You can see what I am getting at. It is exciting that the old “normal politics” is breaking down. But this is just the beginning. Rank and file gentry liberals don’t even realize there is a problem yet, for all is quiet on the NPR front. Let’s go with Bernie for another $18 trillion in new spending, with one more Big Push for the good old liberal “normal science.”

We are in for a long war of the paradigms that will make the Gramscian march through the institutions look like child’s play.

Christopher Chantrill blogs at www.roadtothemiddleclass.com.

Buy his Road to the Middle Class.

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“But I saw a man yesterday who knows a fellow who had it from a chappie that said that Urquhart had been dipping himself a bit recklessly off the deep end.”  —Freddy Arbuthnot
Dorothy L. Sayers, Strong Poison

Civil Society

“Civil Society”—a complex welter of intermediate institutions, including businesses, voluntary associations, educational institutions, clubs, unions, media, charities, and churches—builds, in turn, on the family, the primary instrument by which people are socialized into their culture and given the skills that allow them to live in broader society and through which the values and knowledge of that society are transmitted across the generations.
Francis Fukuyama, Trust

Hugo on Genius

“Tear down theory, poetic systems... No more rules, no more models... Genius conjures up rather than learns... ” —Victor Hugo
César Graña, Bohemian versus Bourgeois


“We have met with families in which for weeks together, not an article of sustenance but potatoes had been used; yet for every child the hard-earned sum was provided to send them to school.”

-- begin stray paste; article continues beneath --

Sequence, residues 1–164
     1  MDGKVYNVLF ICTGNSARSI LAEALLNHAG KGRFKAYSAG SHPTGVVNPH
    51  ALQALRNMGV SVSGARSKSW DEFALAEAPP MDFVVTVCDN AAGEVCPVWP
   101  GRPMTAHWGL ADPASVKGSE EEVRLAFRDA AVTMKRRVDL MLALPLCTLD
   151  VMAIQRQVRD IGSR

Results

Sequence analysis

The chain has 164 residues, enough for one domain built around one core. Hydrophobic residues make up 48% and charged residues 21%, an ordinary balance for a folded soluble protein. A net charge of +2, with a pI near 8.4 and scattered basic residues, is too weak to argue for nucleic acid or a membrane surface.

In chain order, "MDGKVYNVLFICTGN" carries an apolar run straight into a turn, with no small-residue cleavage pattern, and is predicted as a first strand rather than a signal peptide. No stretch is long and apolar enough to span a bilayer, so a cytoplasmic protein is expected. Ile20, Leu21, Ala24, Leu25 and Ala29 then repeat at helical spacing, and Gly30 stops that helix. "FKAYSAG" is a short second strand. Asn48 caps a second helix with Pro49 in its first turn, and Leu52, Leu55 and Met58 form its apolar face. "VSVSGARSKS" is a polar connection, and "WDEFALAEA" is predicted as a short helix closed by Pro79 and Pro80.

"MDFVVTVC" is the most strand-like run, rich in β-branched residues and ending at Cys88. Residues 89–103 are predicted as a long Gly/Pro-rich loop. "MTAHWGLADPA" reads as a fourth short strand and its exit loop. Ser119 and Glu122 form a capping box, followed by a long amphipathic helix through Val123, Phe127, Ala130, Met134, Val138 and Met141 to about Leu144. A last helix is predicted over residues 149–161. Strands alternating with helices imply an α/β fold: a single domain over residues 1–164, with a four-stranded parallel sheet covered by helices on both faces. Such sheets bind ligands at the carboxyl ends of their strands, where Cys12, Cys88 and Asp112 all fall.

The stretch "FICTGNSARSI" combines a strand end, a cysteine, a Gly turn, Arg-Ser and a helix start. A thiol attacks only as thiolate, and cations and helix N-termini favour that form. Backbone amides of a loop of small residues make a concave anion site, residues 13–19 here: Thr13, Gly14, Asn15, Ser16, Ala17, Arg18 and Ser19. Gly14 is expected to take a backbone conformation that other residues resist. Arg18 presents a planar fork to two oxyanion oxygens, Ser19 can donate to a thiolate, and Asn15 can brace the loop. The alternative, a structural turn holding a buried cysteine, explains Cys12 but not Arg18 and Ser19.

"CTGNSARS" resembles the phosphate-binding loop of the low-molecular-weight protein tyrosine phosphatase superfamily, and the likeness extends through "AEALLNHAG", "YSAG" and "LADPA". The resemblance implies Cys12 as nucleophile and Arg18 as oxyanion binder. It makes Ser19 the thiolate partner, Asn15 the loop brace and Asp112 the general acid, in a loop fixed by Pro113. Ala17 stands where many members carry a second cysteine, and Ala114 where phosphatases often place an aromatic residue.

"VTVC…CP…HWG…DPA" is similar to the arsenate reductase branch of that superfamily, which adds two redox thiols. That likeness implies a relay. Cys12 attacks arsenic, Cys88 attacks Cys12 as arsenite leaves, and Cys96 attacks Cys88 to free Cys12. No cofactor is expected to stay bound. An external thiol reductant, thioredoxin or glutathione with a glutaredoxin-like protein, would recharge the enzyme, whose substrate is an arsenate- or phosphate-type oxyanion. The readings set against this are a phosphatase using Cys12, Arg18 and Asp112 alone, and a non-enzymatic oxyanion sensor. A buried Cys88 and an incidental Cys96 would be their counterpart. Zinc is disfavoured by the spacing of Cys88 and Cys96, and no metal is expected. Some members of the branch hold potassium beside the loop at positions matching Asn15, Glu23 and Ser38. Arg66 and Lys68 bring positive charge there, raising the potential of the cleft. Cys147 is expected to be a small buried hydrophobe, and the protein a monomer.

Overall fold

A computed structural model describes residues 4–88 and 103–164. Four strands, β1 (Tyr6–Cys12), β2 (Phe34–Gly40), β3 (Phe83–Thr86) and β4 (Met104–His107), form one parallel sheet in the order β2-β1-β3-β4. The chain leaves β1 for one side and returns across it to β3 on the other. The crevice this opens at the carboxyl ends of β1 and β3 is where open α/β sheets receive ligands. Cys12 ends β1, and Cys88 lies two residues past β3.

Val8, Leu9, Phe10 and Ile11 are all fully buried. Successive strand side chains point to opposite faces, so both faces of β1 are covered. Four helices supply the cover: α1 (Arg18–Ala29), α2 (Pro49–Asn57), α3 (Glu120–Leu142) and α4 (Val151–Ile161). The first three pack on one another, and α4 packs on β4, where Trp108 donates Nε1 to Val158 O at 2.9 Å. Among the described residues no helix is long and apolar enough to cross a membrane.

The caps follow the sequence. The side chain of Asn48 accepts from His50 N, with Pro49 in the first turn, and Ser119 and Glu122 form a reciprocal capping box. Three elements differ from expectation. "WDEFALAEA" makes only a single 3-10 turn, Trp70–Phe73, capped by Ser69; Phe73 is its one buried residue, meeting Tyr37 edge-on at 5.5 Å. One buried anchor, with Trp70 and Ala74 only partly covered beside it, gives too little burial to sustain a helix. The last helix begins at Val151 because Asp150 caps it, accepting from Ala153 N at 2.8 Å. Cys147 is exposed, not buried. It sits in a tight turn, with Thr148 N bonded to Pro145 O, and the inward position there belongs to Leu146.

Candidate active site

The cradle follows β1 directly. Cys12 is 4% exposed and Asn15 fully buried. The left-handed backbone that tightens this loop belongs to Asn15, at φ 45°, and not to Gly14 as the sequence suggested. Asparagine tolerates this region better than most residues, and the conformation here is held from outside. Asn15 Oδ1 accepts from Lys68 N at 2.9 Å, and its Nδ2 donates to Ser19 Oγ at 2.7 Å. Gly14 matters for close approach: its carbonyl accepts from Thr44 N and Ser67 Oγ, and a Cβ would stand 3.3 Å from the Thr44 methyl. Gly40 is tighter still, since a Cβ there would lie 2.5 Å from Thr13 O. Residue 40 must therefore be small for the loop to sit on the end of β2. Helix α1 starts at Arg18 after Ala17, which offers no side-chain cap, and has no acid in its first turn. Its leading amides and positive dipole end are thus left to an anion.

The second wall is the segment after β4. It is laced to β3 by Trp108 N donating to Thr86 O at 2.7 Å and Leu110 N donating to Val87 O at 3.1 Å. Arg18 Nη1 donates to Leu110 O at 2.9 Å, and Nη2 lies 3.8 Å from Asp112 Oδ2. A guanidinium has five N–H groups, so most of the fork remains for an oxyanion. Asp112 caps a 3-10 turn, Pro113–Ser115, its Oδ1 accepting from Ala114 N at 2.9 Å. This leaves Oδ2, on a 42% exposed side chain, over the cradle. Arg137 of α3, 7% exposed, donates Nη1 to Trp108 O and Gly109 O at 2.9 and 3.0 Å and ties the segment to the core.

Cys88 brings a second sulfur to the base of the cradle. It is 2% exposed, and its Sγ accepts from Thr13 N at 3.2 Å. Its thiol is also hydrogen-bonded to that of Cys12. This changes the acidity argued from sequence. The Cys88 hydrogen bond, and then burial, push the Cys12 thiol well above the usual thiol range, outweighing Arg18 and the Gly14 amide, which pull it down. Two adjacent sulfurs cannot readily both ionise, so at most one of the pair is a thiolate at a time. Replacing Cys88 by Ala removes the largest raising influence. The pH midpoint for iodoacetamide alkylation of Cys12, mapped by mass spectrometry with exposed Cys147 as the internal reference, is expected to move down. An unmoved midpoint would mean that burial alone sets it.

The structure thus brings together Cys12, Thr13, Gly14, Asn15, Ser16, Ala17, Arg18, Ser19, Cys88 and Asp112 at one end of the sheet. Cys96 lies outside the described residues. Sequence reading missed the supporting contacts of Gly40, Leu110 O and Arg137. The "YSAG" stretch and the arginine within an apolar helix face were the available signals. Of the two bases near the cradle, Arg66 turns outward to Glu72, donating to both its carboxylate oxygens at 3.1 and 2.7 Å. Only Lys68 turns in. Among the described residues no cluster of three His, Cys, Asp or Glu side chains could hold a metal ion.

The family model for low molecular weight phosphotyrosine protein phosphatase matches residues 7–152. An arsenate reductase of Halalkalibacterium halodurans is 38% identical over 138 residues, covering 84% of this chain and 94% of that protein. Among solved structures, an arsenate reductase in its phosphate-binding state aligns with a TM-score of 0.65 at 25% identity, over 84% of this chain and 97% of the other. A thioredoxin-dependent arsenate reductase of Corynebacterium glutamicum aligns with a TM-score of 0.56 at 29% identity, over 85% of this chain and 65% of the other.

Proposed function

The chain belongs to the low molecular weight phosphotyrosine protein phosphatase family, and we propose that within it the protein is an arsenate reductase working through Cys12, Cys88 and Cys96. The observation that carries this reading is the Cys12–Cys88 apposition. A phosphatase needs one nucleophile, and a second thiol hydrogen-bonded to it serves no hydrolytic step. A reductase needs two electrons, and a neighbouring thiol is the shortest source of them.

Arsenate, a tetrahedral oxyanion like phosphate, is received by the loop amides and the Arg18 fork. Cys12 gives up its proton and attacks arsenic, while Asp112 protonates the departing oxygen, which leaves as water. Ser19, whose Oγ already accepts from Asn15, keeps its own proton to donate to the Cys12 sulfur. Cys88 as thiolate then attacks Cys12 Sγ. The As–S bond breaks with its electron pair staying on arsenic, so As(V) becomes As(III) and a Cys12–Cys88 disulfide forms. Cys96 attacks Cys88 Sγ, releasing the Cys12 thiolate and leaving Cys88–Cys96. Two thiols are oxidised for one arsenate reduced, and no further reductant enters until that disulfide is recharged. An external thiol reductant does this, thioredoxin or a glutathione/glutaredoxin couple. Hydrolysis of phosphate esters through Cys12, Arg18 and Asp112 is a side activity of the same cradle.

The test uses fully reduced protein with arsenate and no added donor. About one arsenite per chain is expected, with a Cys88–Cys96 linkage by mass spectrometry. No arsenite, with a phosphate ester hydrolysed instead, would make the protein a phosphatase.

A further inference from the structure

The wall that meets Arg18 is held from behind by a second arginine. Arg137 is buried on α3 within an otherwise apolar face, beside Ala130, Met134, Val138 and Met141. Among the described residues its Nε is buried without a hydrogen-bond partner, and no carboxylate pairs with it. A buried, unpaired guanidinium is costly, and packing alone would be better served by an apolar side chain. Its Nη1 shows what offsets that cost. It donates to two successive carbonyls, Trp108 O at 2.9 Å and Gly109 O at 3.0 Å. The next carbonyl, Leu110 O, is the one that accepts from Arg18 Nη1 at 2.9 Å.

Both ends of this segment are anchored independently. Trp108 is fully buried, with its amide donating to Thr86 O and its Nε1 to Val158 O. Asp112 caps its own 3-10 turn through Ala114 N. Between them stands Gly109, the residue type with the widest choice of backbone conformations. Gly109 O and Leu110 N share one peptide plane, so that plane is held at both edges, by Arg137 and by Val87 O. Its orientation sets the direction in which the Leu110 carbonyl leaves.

E. G. West, Education and the State

Faith & Purpose

“When we began first to preach these things, the people appeared as awakened from the sleep of ages—they seemed to see for the first time that they were responsible beings, and that a refusal to use the means appointed was a damning sin.”
Finke, Stark, The Churching of America, 1776-1990


“When we received Christ,” Phil added, “all of a sudden we now had a rule book to go by, and when we had problems the preacher was right there to give us the answers.”
James M. Ault, Jr., Spirit and Flesh


A writer who says that there are no truths, or that all truth is ’merely relative’, is asking you not to believe him. So don’t.
Roger Scruton, Modern Philosophy

Faith and Politics

As far as the Catholic Church is concerned, the principal focus of her interventions in the public arena is the protection and promotion of the dignity of the person, and she is thereby consciously drawing particular attention to principles which are not negotiable... [1.] protection of life in all its stages, from the first moment of conception until natural death; [2.] recognition and promotion of the natural structure of the family... [3.] the protection of the right of parents to educate their children.
Pope Benedict XVI, Speech to European Peoples Party, 2006

China and Christianity

At first, we thought [the power of the West] was because you had more powerful guns than we had. Then we thought it was because you had the best political system. Next we focused on your economic system. But in the past twenty years, we have realized that the heart of your culture is your religion: Christianity.
David Aikman, Jesus in Beijing

Religion, Property, and Family

But the only religions that have survived are those which support property and the family. Thus the outlook for communism, which is both anti-property and anti-family, (and also anti-religion), is not promising.
F.A. Hayek, The Fatal Conceit


Conservatism is the philosophy of society. Its ethic is fraternity and its characteristic is authority — the non-coercive social persuasion which operates in a family or a community. It says ‘we should...’.
Danny Kruger, On Fraternity

US Life in 1842

Families helped each other putting up homes and barns. Together, they built churches, schools, and common civic buildings. They collaborated to build roads and bridges. They took pride in being free persons, independent, and self-reliant; but the texture of their lives was cooperative and fraternal.
Michael Novak, The Spirit of Democratic Capitalism

presented by Christopher Chantrill